Freeman added a pulpit to this church in 1886. The Lytham Times of 21 May 1886 reported:
“The new oak pulpit subscribed for in memory of the late Bishop of Manchester, and placed in Lytham Parish Church, is now completed and was occupied for the first time on Sunday last. The pulpit is placed on the North side of the Church in the same position as the old one, which has also been followed in the question of height, etc. The pews surrounding it have been altered so as to give greater space and to afford better communication between the North Aisle and Chancel, but are still too close to the pulpit, and too high to allow of its being seen to advantage. The base is of yellow Mansfield stone moulded, and the shaft is of red Lockerbie stone with sunk panel in the front. The upper part is of oak and on plan forms half an octagon with buttresses at the angles. The lower part has solid panels in arched recesses, ornamented with a band of quatrefoils and carving. The upper part, separated from the lower by a battlemented moulding, is formed with elaborate perforated tracery in panels between richly panelled pilasters at the angles. The inscription, carried round the bottom of tho lower panels on a raised scroll, is as follows : -- To the honour of God and in grateful memory of James Fraser, D,D., Bishop of the Diocese, died Oct. 22nd, l885.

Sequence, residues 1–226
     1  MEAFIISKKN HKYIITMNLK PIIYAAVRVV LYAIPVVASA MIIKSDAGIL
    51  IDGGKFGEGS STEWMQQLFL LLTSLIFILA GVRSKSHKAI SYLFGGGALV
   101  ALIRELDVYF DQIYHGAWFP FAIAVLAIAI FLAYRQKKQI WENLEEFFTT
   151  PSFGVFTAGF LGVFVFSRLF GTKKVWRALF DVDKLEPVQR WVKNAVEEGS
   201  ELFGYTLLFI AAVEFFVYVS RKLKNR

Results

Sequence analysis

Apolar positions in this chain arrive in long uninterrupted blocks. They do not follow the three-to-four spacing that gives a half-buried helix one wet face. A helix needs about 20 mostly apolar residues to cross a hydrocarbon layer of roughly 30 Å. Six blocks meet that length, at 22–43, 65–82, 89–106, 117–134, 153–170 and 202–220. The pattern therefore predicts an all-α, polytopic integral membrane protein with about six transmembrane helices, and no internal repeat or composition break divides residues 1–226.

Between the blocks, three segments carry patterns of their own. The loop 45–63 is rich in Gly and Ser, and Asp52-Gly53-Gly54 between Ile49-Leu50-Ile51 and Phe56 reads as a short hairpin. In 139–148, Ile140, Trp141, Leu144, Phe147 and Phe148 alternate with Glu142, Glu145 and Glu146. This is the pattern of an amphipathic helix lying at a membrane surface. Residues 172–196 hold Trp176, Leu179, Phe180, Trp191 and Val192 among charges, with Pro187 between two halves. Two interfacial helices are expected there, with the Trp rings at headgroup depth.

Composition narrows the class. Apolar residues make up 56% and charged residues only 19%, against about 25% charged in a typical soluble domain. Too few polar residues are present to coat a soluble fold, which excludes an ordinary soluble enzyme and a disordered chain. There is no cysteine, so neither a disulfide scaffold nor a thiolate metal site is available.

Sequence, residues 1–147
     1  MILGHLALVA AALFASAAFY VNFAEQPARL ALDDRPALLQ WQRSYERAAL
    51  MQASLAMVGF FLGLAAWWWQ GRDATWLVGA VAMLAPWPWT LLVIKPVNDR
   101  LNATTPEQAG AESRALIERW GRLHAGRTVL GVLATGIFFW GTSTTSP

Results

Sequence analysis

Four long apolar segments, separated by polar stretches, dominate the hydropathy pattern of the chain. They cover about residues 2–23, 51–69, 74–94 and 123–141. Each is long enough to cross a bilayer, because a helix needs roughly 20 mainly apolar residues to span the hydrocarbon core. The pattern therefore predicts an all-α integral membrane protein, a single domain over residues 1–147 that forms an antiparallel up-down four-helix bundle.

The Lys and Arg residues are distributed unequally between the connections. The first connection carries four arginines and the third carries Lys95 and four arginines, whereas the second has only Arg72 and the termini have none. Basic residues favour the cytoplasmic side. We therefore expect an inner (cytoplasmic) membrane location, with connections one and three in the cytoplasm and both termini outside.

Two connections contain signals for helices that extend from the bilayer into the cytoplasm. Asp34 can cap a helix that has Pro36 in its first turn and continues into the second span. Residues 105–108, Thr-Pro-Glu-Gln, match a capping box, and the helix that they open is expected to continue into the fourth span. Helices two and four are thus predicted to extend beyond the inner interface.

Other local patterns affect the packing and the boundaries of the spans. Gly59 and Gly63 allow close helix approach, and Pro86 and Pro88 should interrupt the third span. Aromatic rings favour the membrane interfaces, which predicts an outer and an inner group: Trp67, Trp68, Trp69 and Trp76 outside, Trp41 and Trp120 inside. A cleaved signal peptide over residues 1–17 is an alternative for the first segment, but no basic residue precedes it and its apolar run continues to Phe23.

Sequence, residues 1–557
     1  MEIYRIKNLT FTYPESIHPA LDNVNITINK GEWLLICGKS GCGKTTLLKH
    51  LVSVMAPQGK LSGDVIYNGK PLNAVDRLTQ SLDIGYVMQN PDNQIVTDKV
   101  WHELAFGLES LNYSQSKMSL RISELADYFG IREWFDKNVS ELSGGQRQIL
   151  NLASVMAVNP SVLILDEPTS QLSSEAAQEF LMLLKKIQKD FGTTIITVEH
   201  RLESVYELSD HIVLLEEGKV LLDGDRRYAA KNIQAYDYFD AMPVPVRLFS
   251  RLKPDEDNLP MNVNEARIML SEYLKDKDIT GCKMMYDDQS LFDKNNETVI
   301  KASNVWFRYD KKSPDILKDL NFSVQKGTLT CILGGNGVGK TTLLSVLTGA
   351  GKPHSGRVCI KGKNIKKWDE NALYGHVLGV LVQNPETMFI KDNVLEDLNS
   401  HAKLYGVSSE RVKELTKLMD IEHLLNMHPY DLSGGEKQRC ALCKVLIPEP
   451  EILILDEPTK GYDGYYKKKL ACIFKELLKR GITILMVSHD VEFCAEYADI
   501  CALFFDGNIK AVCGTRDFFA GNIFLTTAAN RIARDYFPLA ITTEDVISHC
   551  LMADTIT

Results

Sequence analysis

The work bas been very satisfactorily carried out by Messrs. Earp and Hobbs, of London and Manchester, from designs by Mr. R. Knill Freeman, F.R.I.B.A. , of Bolton and St. Anne's-on the-sea. The pulpit was occupied for the first time on Palm Sunday, when the Rev. H. B. Hawkins. vicar, preached ...He said, "The old pulpit is gone. It was of cheap wood, unworthy (from its intrinsic worth) of its position: and yet it was endeared to many of us by years of memories and long associations with the past. Two Vicars, entrusted with the charge of this Parish, have addressed you from it - my predecessor for more than 30 years and I myself for 16 years.”
Freeman also submitted designs for new pews but Paley and Austin were engaged instead because they had done considerable work there in the past.
Many thanks to Janet Turner for the above information and reference